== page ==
Philosophy as capitalism and the socialist radically metaphysical response to it

Labyrinth: An International Journal for Philosophy, Value Theory and Sociocultural Hermeneutics 19 (2):57-71 (2017)
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The author starts from the thesis that there is no such thing as a "natural" or "apolitical" economy. The economy is always already political, as it is the economy’s material core of power, control, and its main mechanisms, i.e. exploitation and oppression. It is no less so in the era of neoliberalism, a time in which we witness the divorce between capitalism and democracy. In order to lay the foundations of a different economy, one that is not based on wage labor and the exploitation of human life and nature based on their auto-alienation, but rather on action in accordance with their resources, we need – according the author – to rethink the concept of the state in a non-philosophical and post-capitalist fashion, structurally different from the modern bourgeois state. If the structure originating in the bourgeois state, as conceived by modern humanism, is preserved, it will mean that the determination in the last instance is still the same. In order to arrive at a determination in the last instance of a non-exploitative, non-wage-labor-based social order where the determination is affected by the real, we must first arrive at the generic core of the notion of the modern state. As soon as we determine the generic term of "the state," we can radicalize it by letting it be determined by the effects of the real. The generic notion, isolated from the chôra of the transcendental material that is offered by modern philosophies originating in the Enlightenment, should be used as the minimal transcendental description for the determining effect of the real.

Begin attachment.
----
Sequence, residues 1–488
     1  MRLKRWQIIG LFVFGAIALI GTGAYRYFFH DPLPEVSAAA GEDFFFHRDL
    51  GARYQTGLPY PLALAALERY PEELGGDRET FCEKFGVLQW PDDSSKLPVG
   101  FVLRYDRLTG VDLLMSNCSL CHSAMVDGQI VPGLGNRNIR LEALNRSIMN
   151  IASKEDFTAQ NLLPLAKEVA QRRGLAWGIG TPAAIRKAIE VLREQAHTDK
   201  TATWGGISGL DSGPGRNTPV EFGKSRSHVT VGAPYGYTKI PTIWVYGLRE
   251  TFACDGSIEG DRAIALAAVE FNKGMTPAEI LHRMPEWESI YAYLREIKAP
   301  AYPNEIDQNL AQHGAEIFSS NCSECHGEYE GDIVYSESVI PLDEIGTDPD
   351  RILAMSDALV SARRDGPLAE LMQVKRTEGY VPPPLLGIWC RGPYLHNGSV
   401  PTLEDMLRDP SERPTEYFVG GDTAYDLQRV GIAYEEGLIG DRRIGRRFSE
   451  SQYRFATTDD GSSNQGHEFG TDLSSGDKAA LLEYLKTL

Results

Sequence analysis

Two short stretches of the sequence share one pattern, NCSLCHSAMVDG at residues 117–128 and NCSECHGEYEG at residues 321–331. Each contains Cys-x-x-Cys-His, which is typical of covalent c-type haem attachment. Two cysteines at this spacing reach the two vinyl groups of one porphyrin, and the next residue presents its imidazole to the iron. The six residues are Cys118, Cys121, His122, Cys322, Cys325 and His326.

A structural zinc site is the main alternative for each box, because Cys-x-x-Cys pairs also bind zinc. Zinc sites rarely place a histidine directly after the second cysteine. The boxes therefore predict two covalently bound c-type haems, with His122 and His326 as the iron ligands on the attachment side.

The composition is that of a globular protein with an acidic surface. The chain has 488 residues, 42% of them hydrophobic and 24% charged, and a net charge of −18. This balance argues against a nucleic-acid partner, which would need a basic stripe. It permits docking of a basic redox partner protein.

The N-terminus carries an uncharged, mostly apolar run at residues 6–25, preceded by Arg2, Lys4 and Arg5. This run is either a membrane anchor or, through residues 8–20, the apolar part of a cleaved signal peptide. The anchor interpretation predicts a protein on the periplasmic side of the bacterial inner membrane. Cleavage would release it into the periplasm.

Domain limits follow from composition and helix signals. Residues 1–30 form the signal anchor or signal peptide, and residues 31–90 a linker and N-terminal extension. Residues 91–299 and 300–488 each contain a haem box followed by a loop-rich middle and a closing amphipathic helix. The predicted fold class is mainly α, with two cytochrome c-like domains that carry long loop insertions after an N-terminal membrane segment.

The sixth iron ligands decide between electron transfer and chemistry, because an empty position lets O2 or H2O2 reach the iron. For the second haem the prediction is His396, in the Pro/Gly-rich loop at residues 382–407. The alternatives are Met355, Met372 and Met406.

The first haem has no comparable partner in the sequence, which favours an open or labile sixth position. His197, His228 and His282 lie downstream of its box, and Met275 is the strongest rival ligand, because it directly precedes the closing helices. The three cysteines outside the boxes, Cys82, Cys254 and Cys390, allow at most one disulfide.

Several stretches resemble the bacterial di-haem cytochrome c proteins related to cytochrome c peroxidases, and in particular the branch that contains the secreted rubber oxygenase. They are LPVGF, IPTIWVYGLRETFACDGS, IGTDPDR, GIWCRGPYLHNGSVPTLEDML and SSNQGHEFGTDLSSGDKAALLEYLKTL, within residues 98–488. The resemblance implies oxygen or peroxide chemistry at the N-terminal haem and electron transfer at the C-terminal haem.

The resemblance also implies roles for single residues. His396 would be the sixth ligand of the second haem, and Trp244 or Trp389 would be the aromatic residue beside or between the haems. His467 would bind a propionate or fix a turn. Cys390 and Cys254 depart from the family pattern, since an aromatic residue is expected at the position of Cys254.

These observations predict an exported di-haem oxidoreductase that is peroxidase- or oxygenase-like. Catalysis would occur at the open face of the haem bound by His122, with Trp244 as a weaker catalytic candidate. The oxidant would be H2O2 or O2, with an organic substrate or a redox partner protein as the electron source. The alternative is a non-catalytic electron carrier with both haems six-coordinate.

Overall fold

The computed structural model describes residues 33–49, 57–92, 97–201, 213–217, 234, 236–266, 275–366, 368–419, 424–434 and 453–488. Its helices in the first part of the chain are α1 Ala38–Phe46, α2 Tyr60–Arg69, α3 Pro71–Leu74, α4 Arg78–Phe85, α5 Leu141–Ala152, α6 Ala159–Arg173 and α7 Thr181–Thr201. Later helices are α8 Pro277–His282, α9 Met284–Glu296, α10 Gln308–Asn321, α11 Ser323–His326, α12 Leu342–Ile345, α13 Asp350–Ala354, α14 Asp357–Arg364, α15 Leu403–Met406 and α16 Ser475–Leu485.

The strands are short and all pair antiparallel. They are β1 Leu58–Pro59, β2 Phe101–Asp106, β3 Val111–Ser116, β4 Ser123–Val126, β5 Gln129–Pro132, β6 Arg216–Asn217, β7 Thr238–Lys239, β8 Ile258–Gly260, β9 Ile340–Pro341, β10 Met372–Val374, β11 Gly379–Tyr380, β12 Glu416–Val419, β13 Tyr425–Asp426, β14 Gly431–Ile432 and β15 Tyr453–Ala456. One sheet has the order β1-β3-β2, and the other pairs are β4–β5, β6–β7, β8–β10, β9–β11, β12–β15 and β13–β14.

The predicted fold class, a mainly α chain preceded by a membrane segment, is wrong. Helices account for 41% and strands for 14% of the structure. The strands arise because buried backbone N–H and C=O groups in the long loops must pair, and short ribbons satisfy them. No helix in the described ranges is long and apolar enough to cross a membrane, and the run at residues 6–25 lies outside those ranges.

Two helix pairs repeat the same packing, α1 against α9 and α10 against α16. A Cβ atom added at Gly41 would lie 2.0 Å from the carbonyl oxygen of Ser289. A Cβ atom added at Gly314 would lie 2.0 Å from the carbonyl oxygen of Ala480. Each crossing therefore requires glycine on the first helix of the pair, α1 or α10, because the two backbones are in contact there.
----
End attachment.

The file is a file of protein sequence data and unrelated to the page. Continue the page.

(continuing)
Author's Profile

Katerina Kolozova
Institute of Social Sciences and Humanities


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